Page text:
Fibroid tumors, also called uterine fibroid tumors, are non-cancerous growths that form inside and on the wall of the uterus. Fibroid tumors are more common after the age of 30 and in African-American women. One in five women have fibroid tumors during their childbearing years, according to the National Institute of Health. The hormone estrogen seems to play a part in the cause of fibroid tumors.
The exact cause of the formation of fibroids is unknown. Fibroids have been found to start forming when a girl starts menstruating and the hormone estrogen is released into the body. Fibroids begin to shrink when menopause starts and estrogen is no longer produced in the body, indicating a potential link between estrogen and fibroid tumors.
There are different types of fibroid tumors including submucous fibroids, which form below the lining of the uterus and cause pain during menstruation. Intramural fibroids are round tumors inside the uterine wall and may enlarge the uterus as they grow. Subserous fibroid tumors grow on the outside wall of the uterus and may affect nearby organs. Pendunculated fibroids are formed when subserous fibroids grow stalks. These stalks can twist and cause severe pain.
Often there are no symptoms with fibroid tumors, but when symptoms are experienced they include bleeding between periods, stomach fullness, pelvic cramping, heavy bleeding during periods, frequent urination and pressure in the lower stomach.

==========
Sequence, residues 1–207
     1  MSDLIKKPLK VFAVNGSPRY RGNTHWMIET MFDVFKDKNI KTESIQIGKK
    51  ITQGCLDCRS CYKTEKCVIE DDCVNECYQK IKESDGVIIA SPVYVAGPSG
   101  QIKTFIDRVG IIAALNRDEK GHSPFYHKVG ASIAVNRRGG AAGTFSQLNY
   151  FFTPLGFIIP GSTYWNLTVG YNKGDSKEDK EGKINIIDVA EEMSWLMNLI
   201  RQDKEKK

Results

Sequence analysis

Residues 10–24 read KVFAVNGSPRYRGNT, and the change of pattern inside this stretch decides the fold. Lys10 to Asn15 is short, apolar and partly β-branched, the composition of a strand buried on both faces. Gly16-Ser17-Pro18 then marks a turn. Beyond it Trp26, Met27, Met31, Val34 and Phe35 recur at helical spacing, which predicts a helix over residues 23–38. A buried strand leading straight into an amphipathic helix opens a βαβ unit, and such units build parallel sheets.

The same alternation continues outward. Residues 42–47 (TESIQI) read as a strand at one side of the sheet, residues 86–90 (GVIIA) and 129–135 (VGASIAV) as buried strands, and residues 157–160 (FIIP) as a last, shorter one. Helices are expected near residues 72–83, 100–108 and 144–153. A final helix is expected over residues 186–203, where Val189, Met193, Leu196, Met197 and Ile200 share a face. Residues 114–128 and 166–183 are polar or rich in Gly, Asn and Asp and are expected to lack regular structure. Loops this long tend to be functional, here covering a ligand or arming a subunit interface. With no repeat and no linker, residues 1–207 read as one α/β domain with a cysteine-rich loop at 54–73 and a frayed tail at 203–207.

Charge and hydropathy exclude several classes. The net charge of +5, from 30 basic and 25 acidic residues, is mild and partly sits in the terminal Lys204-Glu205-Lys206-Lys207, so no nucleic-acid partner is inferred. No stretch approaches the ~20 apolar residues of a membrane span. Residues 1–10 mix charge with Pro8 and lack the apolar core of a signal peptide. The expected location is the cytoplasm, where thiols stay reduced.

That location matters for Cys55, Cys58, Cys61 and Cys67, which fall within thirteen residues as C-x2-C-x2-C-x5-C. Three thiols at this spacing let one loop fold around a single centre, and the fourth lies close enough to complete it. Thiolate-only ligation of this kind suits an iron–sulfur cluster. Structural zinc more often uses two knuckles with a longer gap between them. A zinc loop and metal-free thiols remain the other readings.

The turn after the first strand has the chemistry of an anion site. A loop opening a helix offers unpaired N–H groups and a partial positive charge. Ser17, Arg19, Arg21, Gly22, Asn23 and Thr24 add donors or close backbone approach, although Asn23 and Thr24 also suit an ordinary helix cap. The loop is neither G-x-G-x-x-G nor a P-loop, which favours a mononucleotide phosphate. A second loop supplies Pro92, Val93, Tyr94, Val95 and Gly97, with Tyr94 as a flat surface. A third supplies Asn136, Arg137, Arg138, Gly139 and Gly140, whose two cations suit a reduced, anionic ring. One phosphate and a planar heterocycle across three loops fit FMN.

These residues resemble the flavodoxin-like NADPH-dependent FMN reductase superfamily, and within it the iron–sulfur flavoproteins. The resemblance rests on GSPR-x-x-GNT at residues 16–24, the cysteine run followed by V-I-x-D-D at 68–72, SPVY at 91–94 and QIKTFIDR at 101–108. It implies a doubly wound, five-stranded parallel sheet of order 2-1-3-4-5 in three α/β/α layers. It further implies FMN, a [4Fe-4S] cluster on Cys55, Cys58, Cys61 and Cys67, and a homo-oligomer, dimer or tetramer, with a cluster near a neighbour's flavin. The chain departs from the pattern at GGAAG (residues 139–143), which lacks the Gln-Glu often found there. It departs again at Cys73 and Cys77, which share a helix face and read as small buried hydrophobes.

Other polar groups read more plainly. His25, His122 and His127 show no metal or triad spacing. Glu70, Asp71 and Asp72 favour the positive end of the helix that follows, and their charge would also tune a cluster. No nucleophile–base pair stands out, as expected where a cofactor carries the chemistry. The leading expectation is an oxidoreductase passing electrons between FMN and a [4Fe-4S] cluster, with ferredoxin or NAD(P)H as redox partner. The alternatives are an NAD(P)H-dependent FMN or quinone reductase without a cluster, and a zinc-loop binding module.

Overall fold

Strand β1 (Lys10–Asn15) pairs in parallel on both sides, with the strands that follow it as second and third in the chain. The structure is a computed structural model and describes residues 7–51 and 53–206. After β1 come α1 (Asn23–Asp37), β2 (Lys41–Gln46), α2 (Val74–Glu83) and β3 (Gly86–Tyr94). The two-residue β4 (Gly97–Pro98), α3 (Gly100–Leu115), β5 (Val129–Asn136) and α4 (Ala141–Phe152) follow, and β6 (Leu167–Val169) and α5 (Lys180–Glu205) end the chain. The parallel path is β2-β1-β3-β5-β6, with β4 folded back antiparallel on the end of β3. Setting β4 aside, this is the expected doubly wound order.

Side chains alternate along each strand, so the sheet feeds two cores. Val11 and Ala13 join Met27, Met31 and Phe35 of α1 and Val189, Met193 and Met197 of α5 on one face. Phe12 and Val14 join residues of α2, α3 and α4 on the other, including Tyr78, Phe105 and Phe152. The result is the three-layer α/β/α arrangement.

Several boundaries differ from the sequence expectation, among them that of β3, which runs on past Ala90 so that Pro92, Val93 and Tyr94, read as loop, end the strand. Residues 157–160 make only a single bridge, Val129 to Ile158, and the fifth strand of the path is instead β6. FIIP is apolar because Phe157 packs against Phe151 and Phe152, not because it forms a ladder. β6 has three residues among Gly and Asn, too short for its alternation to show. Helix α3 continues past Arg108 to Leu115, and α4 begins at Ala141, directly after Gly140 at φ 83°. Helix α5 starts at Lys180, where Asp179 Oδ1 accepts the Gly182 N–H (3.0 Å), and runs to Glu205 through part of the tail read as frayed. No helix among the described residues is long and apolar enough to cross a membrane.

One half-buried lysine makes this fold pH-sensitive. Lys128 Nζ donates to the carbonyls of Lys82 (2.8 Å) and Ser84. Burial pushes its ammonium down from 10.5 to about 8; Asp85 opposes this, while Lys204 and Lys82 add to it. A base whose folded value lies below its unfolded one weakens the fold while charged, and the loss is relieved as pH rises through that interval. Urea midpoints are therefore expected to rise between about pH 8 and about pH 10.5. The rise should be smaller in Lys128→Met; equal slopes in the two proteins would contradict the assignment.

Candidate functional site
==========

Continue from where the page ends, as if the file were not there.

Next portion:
Treatment for fibroid tumors depends on if you are pregnant, your age, the type of fibroid and how severe the symptoms are. Over-the-counter pain relievers such as Advil and Motrin help alleviate pain. Birth control pills help relieve menstruating pain and heavy periods.
Surgery may be recommended for large fibroid tumors that cause severe pain. A hysteroscopic resection involves inserting a camera and surgical instruments through the cervix into the uterus and removing fibroid tumors. A myomectomy also is a removal of fibroids, but can normally preserve fertility. A hysterectomy may be needed if medications or other surgeries are not successful.
Fibroid tumors may cause problems with fertility when a fibroid prevents sperm from fertilizing eggs by blocking fallopian tubes. Fibroids inside the uterus may cause premature delivery because there is not enough room in the uterus for the baby to grow. A cesarean section delivery may be necessary if a fibroid tumor is blocking the birth canal.
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